Fattened up on bites of potatoes, yucca and chicken starting at 4 months, some of the babies wearing sporty clothes and frilly dresses are rolly-polly chubby. As striking as their sizable girth are their heads, beautifully round and fully formed with none of the deep skin folds that corroborate the Zika virus’ devastating ability to halt normal brain expansion as infants develop in utero.
During a recent trip Sarah B. Mulkey, M.D., Ph.D., made to Colombia, where Children’s National Health System researchers are collaborating on a clinical study, she tested Zika-affected babies’ motor skills as they sat, stood, and lay facing upward and face down. The international study aims to answer one of the most vexing questions about Zika: If babies’ brains appear “normal” at birth, have they survived Zika exposure in the womb with few neurological repercussions?
“We don’t know the long-term neurological consequences of having Zika if your brain looks normal,” says Dr. Mulkey, a fetal-neonatal neurologist who is a member of Children’s Congenital Zika Virus Program. “That is what’s so scary, the uncertainty about long-term outcomes.”
According to the Centers for Disease Control and Prevention (CDC), one in 10 pregnancies across the United States with laboratory-confirmed Zika virus infection has resulted in birth defects in the fetus or infant. For the lion’s share of Zika-affected pregnancies, then, babies’ long-term prospects remain a mystery.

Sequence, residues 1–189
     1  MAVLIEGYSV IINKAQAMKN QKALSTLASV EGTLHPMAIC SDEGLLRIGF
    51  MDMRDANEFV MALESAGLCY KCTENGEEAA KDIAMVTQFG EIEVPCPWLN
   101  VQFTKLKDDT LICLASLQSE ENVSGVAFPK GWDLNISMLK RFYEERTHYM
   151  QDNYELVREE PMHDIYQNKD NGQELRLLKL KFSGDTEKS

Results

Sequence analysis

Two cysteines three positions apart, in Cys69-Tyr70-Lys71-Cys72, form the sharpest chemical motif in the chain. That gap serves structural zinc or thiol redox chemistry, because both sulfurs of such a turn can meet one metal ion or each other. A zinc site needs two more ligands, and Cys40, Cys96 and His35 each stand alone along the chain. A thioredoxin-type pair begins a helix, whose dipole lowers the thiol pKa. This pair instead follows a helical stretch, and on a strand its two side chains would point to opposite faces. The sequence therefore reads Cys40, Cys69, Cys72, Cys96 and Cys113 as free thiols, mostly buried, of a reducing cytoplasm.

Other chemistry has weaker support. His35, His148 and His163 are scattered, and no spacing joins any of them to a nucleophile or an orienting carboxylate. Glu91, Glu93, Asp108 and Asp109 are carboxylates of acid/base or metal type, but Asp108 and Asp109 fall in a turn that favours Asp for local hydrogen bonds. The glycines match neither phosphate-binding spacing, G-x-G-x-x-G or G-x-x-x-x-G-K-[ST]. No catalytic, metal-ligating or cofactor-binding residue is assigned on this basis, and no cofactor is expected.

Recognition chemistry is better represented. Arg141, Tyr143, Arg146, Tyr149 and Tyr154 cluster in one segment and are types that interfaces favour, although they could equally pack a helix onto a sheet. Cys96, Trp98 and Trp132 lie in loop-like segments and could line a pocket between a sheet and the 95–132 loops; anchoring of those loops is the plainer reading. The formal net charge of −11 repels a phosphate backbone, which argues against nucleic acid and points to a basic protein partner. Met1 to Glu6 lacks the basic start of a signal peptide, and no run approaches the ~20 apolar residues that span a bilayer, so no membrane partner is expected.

“This is a huge number of children to be impacted and the impact, as we understand, has the potential to be pretty significant,” Dr. Mulkey adds.
Dr. Mulkey, the lead author, will present the research group’s preliminary findings during the 2017 annual meeting of the Pediatric Academic Societies (PAS). The presentation is among a number during the meeting that will focus on the Zika virus. Roberta L. DeBiasi, M.D., M.S., chief of the Division of Pediatric Infectious Diseases at Children’s National, organized two invited symposia devoted to the topic of Zika: Clinical perspectives and knowledge gaps, and the science of Zika, including experimental models of disease and vaccines. Dr. DeBiasi’s presentation will include an overview of the 68 Zika-exposed or infected women and infants seen by Children’s multidisciplinary Congenital Zika Virus Program.
“As the world’s largest pediatric research meeting, PAS2017 is an ideal setting for panelists to provide comprehensive epidemiologic and clinical updates about the emergence of Congenital Zika Syndrome and to review the pathogenesis of infection as it relates to the fetal brain,” Dr. DeBiasi says. “With temperatures already rising to levels that support…
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